(Eagle News) – Vice-President Leni Robredo’s change of color to symbolize her presidential campaign was a “very bad signal” and could create further problems for her, according to a political analyst.
Prof. Van Ybiernas, an economic historian and international relations professor who has a master’s degree in political science, said Robredo running as an independent candidate, instead of running as the standard bearer of the Liberal Party, would also create much confusion.
“I think yung pink ni Vice-President Robredo was a terrible choice,” he said in an interview with the NET25-Radyo Agila program “Balitalakayan” on Monday night, Oct. 11.
He said, his colleagues — other political scientists and analysts — particularly Dr. Efren Isorena pointed this out.
“Hindi maganda yung inaabandon mo yung colors that gave you victory in 2016. Kasi parang tinatatwa mo yung supporters mo,” he said.
“Parang sinasabi mo you are in essence turning your back on your original color dahil parang may pag-amin on your part na lahat ng sinasabing masama on your original colors are right, that’s why kailangan mong magpalit ng new color,” he said.
Ybiernas said that this is the biggest problem of Robredo – consistency.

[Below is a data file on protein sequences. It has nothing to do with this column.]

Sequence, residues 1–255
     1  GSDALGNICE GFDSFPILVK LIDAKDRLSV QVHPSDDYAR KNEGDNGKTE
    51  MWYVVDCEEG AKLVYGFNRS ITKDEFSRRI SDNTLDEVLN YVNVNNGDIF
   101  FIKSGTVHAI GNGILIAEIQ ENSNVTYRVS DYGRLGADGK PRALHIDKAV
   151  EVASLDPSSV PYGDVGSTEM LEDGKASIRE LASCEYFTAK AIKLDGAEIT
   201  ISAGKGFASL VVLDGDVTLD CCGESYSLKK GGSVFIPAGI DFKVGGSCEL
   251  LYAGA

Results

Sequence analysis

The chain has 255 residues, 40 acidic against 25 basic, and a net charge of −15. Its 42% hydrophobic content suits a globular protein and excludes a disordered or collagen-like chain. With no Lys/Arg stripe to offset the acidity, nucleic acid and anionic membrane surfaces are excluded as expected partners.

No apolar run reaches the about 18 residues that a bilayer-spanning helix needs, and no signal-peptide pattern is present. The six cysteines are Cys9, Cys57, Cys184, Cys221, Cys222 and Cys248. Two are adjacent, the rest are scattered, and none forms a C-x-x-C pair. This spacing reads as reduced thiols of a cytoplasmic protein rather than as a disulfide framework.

“May consistency kasi dapat,” he said. “Yan ang pinakamalaking problema ni Mrs. Robredo.”
He surmised that probably the strategy to choose pink was that this was the color of October as “breast cancer awareness month” and was therefore a popular color.
-Very bad signal-
Aside from the change in the campaign color, he said, the Vice-President would also have to address questions on why she chose to run as an independent, when she is the current chairman of the Liberal Party.
“It’s a very bad signal specially sa die-hard (na LP),” Ybiernas said.
“Kasi kailangan pa nyang sagutin yun. Bakit ka hindi nag-Liberal Party, e ikaw ang chairman?” he pointed out.
Ybiernas said that answering these questions could affect Robredo’s campaign, considering her low showing in surveys. He cited the September 6-11 Pulse Asia survey where Robredo only got an eight percent backing from the poll’s respondents, thus ranking sixth among 12 probable presidential candidates.
(Eagle News Service)